Wednesday, March 28, 2012

Q &A with Mark Shea, author of The Work of Mercy: Being the Hands and Heart of Christ

Following is my interview with Mark Shea, author of The Work of Mercy: Being the Hands and Heart of Christ.  I reviewed Mark's book in my March Catholic Post column.  This Q&A is a shorter version of a far-ranging phone conversation we had about his book and his writing.  Thanks, Mark, for being so willing to talk with me, and for your great book!

Q.  Please tell Catholic Post readers a little more about yourself and your work.

I’m an author of a number of books, most recently The Work of Mercy.  I’ve also written a book called By What Authority? among others.  I write a lot for the Catholic press. I have a blog that I write for the Patheos and the National Catholic Register. I’m a convert to the faith, and was received into the Church in 1987.

How I started writing books is interesting.  I was confirmed in December 1987.  The following month a friend of mine told me he didn’t believe in the Real Presence.  I sat down and started a letter to the author Peter Kreeft (philosophy (we had corresponded when I had been coming into the Church) , trying to articulate why I did believe in the Real Presence.  The letter got bigger & bigger, and by the time I was done, 10 months later, it was the script of my book, This is My Body: An Evangelical Discovers the Real Presence.  I’ve always chalked up the explosion of my writing to the sacrament of Confirmation.

Q.  Why a book on the works of the mercy?

I hadn’t seen one in awhile, and it seemed to me that reacquainting the modern audience was a good idea since the works of mercy are essential to our salvation.  They go right back to Jesus’ famous parable of the sheep and the goats, in which what’s make or break for both the sheep and the goats is the works of mercy—how did you treats the least of these.  “I was hungry and you gave me something to eat, I was hungry and you didn’t give me something to eat.” That’s what that parable is all about.

Archbishop Chaput is speaking gospel truth when he warns us very bluntly
“If you neglect the poor, you will go to hell.”  That’s why a book on the works of mercy.

Still, our response to the works of mercy is left up to our prudence; there’s guidance from the church, but how you live out the works of mercy is left up to the person.

There are basically two classes of the works of mercy that the church has teased out of tradition.

First, the corporal works of mercy (feed the hungry, clothe the naked, ransom the captive, visit the sick, bury the dead).  Those are addressed to the fact that yes, we are spiritual beings, but we are also bodily creatures, so our bodily needs matter. 

The reason a body matters is because a). the body is the creation of God and b). God himself has taken on a body in the Incarnation of Jesus.  He’s become human.  Our humanity really matters.  It was through the body that our salvation was won.  It was through Jesus’ very physical, very graphic, very bloody crucifixion and his bodily resurrection that our salvation was won.  And so the body really matters in the Catholic tradition.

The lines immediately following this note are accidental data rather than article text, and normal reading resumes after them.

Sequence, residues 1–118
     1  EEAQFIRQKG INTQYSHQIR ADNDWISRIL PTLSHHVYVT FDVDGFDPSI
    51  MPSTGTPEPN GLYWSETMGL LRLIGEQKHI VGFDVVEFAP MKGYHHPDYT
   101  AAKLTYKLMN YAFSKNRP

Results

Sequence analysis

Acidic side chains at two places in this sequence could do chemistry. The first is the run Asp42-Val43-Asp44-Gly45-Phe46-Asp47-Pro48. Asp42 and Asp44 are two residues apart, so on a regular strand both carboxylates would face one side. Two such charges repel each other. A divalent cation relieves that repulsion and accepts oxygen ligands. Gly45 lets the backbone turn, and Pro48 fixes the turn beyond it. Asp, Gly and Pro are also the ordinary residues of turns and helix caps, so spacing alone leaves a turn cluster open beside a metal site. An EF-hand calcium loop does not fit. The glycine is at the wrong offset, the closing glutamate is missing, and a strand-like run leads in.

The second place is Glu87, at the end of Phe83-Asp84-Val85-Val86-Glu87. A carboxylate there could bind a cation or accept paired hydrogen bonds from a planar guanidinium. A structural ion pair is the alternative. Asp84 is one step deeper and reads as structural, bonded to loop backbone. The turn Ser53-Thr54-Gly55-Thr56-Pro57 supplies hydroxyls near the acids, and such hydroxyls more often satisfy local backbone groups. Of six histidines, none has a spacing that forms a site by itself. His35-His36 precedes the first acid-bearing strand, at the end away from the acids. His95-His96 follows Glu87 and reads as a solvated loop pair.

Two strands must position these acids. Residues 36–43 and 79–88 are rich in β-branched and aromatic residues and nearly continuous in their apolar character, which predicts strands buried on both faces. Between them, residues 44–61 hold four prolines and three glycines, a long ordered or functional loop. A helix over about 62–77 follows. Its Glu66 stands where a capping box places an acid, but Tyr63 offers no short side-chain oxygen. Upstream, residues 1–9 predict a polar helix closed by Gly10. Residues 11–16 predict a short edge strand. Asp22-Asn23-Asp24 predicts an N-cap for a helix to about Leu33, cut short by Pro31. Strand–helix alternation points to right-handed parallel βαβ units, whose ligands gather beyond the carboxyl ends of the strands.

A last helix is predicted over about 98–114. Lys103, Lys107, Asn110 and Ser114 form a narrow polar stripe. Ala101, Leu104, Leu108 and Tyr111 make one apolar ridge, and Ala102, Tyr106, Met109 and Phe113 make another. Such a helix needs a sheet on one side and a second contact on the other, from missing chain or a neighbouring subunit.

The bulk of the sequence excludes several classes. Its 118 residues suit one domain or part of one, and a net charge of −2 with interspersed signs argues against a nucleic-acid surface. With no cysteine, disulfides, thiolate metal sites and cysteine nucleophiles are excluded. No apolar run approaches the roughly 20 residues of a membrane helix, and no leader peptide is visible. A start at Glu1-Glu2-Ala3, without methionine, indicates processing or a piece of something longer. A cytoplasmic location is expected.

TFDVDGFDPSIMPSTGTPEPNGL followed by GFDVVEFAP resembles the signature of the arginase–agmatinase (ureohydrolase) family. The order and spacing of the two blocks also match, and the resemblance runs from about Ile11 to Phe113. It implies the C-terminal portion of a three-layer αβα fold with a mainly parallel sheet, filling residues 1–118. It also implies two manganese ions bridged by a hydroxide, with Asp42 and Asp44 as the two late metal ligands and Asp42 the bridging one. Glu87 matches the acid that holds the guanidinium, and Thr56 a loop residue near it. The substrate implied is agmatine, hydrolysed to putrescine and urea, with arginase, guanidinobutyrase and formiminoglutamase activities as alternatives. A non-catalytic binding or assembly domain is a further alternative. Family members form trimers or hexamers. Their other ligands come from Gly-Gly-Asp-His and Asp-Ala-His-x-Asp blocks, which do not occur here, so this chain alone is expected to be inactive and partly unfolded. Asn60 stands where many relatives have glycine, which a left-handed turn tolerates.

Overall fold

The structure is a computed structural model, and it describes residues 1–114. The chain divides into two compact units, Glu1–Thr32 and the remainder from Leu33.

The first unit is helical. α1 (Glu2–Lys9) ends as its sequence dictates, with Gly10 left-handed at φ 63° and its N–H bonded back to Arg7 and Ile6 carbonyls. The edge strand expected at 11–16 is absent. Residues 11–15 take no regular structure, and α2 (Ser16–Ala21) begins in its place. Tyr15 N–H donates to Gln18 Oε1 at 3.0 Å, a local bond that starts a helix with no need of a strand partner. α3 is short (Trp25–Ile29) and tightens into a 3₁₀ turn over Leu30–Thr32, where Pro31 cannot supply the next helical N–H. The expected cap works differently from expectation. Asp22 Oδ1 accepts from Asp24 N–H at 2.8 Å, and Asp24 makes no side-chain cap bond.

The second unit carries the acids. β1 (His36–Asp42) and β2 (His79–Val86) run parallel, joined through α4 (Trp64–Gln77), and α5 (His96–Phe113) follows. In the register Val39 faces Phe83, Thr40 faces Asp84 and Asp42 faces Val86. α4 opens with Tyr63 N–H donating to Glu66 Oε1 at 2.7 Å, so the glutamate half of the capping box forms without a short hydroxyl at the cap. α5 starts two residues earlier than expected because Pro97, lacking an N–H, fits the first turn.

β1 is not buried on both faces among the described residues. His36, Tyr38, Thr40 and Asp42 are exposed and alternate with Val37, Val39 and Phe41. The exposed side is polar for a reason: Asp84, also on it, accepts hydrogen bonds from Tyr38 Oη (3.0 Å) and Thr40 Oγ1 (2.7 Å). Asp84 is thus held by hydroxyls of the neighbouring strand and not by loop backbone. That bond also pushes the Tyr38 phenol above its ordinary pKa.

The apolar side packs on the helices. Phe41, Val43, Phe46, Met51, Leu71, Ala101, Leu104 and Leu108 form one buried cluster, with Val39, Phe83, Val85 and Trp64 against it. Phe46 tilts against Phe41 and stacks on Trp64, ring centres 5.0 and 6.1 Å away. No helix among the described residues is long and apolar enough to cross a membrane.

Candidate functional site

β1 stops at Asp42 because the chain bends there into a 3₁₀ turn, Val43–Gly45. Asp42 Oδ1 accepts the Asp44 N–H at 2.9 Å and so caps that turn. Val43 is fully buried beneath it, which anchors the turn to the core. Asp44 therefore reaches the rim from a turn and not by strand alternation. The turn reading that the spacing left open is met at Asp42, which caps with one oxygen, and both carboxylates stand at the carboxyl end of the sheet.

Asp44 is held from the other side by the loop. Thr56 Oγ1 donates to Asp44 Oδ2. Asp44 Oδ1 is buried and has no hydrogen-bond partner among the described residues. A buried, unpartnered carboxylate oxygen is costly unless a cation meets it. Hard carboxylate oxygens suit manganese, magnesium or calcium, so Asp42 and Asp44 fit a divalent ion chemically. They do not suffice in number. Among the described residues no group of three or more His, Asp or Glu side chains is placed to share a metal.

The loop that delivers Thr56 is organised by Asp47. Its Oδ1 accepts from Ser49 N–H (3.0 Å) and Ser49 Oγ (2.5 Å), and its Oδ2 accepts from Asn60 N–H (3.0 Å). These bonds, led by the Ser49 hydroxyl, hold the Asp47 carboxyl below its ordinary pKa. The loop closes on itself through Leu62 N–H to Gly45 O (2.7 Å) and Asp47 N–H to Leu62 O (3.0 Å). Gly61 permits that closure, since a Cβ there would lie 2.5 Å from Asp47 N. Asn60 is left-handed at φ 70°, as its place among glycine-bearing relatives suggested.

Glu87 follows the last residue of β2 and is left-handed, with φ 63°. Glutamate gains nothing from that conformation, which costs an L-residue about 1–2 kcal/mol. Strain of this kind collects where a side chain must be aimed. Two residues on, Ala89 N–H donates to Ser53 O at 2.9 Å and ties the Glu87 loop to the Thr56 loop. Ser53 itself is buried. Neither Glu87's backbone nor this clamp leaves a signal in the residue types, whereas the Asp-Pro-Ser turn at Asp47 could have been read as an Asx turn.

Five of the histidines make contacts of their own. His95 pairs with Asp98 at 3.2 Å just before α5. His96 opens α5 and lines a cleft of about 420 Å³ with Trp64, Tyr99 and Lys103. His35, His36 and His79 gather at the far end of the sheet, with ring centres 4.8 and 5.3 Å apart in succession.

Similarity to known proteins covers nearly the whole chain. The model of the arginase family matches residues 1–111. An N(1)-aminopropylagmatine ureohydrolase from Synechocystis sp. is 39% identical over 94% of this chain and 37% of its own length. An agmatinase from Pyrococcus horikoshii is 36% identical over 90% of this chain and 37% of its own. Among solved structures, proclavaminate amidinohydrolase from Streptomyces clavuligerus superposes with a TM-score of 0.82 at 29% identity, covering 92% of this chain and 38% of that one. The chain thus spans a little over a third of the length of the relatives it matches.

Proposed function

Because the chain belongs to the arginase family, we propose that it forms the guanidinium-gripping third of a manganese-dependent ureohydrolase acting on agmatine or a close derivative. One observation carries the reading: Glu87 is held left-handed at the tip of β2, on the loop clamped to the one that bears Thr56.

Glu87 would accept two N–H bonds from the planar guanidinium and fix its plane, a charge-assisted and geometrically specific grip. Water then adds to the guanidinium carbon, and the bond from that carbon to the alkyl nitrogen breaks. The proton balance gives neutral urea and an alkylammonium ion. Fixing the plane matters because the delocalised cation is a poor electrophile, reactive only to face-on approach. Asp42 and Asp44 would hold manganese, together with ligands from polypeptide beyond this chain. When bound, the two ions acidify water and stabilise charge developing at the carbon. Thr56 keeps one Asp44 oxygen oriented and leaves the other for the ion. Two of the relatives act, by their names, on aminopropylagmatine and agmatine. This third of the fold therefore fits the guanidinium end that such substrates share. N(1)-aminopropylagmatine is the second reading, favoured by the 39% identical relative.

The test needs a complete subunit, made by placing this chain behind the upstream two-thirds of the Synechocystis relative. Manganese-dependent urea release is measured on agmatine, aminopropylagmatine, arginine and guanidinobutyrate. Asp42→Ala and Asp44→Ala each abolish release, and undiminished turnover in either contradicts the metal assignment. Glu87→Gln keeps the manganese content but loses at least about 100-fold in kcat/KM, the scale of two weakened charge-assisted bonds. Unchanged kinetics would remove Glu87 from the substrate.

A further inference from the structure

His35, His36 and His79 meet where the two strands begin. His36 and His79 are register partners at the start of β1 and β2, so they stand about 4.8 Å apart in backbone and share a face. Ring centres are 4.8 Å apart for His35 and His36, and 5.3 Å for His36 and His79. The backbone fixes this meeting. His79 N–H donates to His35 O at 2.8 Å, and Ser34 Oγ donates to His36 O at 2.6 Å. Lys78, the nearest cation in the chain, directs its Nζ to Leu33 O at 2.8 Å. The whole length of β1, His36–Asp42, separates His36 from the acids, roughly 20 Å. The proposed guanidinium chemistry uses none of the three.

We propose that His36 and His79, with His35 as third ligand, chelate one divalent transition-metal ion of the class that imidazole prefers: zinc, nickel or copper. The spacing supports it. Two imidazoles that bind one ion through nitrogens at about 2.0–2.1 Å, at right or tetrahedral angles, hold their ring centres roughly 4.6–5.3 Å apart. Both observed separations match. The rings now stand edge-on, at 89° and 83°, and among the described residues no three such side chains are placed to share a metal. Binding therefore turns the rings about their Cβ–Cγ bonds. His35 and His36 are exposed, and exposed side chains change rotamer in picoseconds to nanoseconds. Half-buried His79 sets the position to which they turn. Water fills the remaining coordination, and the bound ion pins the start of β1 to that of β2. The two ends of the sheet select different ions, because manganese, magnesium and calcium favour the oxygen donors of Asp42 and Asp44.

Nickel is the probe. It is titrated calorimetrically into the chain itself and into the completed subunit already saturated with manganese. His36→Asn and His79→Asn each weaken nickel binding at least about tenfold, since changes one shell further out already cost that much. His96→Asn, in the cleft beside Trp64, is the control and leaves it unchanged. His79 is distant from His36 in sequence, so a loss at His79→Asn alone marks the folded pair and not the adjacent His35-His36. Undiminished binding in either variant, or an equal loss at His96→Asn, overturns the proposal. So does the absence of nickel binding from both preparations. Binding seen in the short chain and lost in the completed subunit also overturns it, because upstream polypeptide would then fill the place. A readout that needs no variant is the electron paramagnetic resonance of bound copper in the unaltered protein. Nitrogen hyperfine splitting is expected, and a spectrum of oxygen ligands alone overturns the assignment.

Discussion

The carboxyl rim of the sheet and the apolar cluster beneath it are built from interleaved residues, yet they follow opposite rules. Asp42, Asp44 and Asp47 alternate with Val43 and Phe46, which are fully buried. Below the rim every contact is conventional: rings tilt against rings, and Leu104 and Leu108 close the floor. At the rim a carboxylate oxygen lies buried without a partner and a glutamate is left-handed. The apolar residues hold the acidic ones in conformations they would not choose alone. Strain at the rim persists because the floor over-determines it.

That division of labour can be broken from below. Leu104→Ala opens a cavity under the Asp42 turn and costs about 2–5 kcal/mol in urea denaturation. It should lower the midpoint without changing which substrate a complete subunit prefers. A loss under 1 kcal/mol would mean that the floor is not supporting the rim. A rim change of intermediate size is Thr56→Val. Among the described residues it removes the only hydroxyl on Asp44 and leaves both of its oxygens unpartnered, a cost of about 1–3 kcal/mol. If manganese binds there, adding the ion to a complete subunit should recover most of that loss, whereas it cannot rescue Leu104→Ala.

In addition to that, there are also the spiritual works of mercy, such as instructing the ignorant, admonishing the sinner, bearing wrongs patiently, forgiving wrongs, praying for the living and the dead. These works of mercy are addressed to the fact that we are not just bodily creatures-- we are more than cows.  Our concern is more than just getting our three square meals a day and keeping our belly full.  As Jesus says, man does not live by bread alone but by every word that proceeds from the mouth of God. 

Both of these classes of works of mercy are essential in the Catholic life. That’s what my book is attempting to do—bring out the fullness of what those works of mercy mean. 

They all have a spiritual application as well.   So when we speak of feeding the hungry, for example, we mean, yes, people are starving in Africa and we feed them.  But in addition, what the Catholic tradition has always seen in giving bread to the hungry is ultimately a reference to the Eucharist.  Jesus will say to the Jews in John 6, that Moses gave you manna in the wilderness, he fed your bellies, but your fathers all died after they ate that.   The bread that I will give you will eat of and you will live forever.  I am the Bread of Life, Jesus tells us.

Over and over again you’ll see in the works of mercy the spiritual overtones of the spiritual element.  In give drink to the thirsty, Jesus tells the Samaritan woman at the well, whoever drinks the water that I give will live forever.  And that water is the Holy Spirit.

And ransoming the captive, Jesus speaks of himself of giving his life as a ransom for many.  In addition to supporting anti-slavery organizations, for example, we also ransom people out of captivity by introducing them to Jesus, who ransoms them from captivity to sin.

Q.  Which was your most challenging chapter to write?

Certain works of mercy are quite obviously contemporary.  Feed the hungry?  There are a billion people hungry in the world.   But then you get to things like, say, ransom the captive.  What does that look like in the modern world?